234 words

I’ve been looking on and off for mp3 players for a couple months. I wanted a device with proper playlist support, bluetooth, and sufficient battery and storage capacity. It had to be cheap and with a UI that does not make me wish for death.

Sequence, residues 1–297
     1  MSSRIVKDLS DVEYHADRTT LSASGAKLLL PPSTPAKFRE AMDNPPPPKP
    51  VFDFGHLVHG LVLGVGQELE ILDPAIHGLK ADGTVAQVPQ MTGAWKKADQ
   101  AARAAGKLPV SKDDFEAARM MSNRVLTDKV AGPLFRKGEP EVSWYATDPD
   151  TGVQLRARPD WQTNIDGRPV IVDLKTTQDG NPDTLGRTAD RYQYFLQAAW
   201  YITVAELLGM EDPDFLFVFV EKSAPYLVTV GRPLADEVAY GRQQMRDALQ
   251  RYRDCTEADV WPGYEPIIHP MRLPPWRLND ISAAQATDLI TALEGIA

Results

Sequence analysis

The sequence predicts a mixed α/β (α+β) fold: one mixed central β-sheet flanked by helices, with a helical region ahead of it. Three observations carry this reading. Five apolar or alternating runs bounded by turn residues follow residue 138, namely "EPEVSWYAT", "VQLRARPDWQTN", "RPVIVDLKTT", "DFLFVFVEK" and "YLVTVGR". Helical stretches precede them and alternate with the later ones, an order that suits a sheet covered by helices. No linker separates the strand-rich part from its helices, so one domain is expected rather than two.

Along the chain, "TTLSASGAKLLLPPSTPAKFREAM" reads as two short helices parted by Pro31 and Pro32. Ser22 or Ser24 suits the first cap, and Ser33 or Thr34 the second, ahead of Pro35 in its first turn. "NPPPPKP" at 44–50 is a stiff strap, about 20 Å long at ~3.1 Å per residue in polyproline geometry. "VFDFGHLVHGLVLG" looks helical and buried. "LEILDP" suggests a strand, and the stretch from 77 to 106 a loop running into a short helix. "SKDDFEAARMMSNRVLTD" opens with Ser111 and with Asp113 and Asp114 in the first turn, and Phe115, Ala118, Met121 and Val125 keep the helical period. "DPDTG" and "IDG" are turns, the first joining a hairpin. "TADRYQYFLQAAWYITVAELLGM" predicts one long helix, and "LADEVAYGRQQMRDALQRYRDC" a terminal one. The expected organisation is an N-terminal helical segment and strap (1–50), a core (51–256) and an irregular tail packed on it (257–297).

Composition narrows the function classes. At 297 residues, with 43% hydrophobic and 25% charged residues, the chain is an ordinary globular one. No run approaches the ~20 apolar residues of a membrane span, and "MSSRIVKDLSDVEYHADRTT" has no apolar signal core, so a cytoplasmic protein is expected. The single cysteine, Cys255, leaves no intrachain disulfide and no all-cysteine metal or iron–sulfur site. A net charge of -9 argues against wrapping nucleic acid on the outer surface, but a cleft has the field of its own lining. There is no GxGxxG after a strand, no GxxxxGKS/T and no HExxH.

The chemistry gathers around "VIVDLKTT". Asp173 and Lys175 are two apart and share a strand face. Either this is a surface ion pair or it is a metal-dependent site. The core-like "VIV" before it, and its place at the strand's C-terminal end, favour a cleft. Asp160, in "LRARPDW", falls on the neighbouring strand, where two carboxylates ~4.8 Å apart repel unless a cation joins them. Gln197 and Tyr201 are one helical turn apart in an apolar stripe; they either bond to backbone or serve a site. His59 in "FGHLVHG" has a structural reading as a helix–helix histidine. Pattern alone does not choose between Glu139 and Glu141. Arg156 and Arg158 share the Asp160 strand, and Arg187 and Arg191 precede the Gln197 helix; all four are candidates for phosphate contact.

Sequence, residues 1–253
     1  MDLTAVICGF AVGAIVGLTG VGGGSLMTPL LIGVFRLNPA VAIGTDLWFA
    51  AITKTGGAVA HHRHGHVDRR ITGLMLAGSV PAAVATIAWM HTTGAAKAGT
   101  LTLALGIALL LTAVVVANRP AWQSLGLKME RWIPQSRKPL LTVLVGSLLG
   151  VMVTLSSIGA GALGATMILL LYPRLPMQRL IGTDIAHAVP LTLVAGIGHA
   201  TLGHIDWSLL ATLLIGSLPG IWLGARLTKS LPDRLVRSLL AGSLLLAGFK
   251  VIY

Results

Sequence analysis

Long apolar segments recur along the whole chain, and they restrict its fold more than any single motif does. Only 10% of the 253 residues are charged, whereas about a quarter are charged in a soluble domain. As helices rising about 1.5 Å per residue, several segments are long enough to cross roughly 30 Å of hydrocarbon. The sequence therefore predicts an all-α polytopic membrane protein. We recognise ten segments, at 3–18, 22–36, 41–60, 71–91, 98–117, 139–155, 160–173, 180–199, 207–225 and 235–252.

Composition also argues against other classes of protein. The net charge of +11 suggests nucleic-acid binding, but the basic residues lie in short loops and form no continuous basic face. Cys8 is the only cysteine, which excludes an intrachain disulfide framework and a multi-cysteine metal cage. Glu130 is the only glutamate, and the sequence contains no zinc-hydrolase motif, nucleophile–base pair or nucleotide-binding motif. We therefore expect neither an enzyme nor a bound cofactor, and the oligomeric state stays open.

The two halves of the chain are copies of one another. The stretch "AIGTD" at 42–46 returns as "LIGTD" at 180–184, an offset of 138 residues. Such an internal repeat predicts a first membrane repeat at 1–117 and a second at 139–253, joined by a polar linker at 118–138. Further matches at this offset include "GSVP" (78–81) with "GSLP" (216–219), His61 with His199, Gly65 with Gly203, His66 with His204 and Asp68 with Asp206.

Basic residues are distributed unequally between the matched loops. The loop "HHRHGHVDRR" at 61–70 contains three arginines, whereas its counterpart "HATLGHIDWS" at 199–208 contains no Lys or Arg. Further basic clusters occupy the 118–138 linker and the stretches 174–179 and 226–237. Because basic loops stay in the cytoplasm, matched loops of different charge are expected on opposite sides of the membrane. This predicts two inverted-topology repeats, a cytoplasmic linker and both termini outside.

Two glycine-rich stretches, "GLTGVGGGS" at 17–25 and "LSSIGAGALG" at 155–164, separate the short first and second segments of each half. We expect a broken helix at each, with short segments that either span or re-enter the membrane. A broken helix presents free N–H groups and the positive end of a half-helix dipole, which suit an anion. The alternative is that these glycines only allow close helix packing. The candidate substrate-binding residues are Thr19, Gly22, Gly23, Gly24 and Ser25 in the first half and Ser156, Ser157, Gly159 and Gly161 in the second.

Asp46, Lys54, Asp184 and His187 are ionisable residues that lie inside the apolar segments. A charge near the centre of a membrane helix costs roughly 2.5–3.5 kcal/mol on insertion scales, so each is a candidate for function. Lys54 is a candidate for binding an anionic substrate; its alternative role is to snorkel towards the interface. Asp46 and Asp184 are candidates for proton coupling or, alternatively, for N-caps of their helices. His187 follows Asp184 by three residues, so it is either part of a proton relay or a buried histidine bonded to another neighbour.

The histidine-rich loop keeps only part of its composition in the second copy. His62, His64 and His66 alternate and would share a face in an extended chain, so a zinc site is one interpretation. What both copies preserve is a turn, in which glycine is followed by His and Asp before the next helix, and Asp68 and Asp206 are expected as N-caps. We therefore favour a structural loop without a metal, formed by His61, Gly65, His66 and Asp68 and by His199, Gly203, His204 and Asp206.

I ended up buying a $30 second hand Nokia Lumia 650. I deleted everything except the music player and maps app, downloaded maps of every country I might reasonably ever visit and the complete contents of Wikivoyage, copied my music onto it from my pc and put it permanently in airplane mode. It is a bit too laggy, but other than that I like this setup a lot. But more important than my love for Windows Phone, is my hate for Android and iOS. I dislike the former for its role in the global surveillance economy and its butt-ugly interface. I dislike the latter because of its adversarial pricing model and excessively walled garden. I don’t want to get my dinner from the pathologically neoliberal butcher, the dominant-strategy-playing externality-indifferent brewer or the stalking, price-discriminating, search-engine-optimizing baker. Their antithesis probably consist of the local organic farmer’s market, self-hosted FOSS software and artisan everything, but I do like economies of scale. I’m still searching for the synthesis. For now, I’ll start with trying to minimize my interactions with companies who relate to their users or customers in a very adversarial manner ## Prove you are not a robot 293 words You have probably heard the latest AI news cycle, this time the news is about a language model. Let’s forget for a second about the minutiae of how dishonestly the achievement was presented and whether or not the software should be released to the public, other people have done that better than I ever could. I want to point at a cute problem related to authorship and suggest a possible solution. In a future where most text will be governmental and commercial propaganda written by software, would people want to make sure they only read text written by other sentient beings? Or would at least old people like future me want that? And will that be a rational preference, or just anti-robot prejudice? Let’s suppose that knowing whether a text is human-written is desireable. How could the future people go about doing that, and can we do anything now to help them? The interesting case is in verifying that an anonymous self-hosted blog is human-written, or anonymous comments on such a blog. Most other cases seem to be trivially solvable either by having national governments verify digital identities or using interactive protocols (like Turing tests and captchas). I’ll describe one possible avenue, useable only by anonymous internet users who act now, and possibly only for low stakes. The trick is to generate a pgp key and use it to sign every bit of content you create. The uniqueness of the signature (no two people can claim the content for their own) is established jointly by all internet archiving institutions, who also implicitly timestamp all data. All well-written text from before 2020 has been written by humans, so if you can claim authorship on a good share of that text then you are solid. ## Funding opportunity in academic publishing 472 words I’ve recently listened to a talk by Jean-Sébastien Caux, the founder, implementer and chairman of SciPost. It looks like a charity that might be worth funding. Academic publishing is a complete disaster. The incentive structure is messed up. Papers must have more than a certain minimum of content*coolness, but simultaneously they shouldn’t be too long. This results in researchers sticking two unrelated papers together and calling it one thing, and cutting single papers up into multiple pieces to get published. If your result is too simple then it will get rejected so people make their papers more difficult on purpose. There is no pipeline for communicating minor improvements and comments on other people’s papers to the outside world. Peer review might not literally be a farce but it is closer to being so than anyone is really comfortable with. Because it all happens behind closed doors, peer reviews seldom have constructive feedback in them and reviewers will most likely harm their own careers if they spend time and effort into reviewing that could be spent doing research. People submit everything to the best journals first, trying one rung lower when their paper gets rejected. The review process can take years. Reviews are all hidden from the wider public, so the only way to judge a paper’s quality if you’re not in the field is by looking at citation counts and the journal a paper appeared in. Publishers make a lot of profit selling the research community’s own results back to them. Journals and impact factors are silly inventions that date back to the dark ages before internet existed and serve little to no use in modern times. Enter SciPost. Imagine a love child of the free software movement, open access academic publishing, and modern discussion platform design. Submission is free. A manuscript is public from the moment one of the editors decides it is probably worth getting reviewed, with all the fancy DOI’s and what-not that you could ask for. Both the content and the platform itself are licenced under free licences. Reviews are public, either with the authors name or anonymously, which turns out to greatly improve review quality. Reviews are citable objects with DOI’s and everything. A number of reviews get invited, but anyone can submit a review if they’d like. People can post comments on reviews. Their funding comes entirely from sponsors. Their average costs per publication are under$400, way less than the article processing fees of most open access journals. They keep themselves to principles of openness way beyond the Fair Open Access Principles.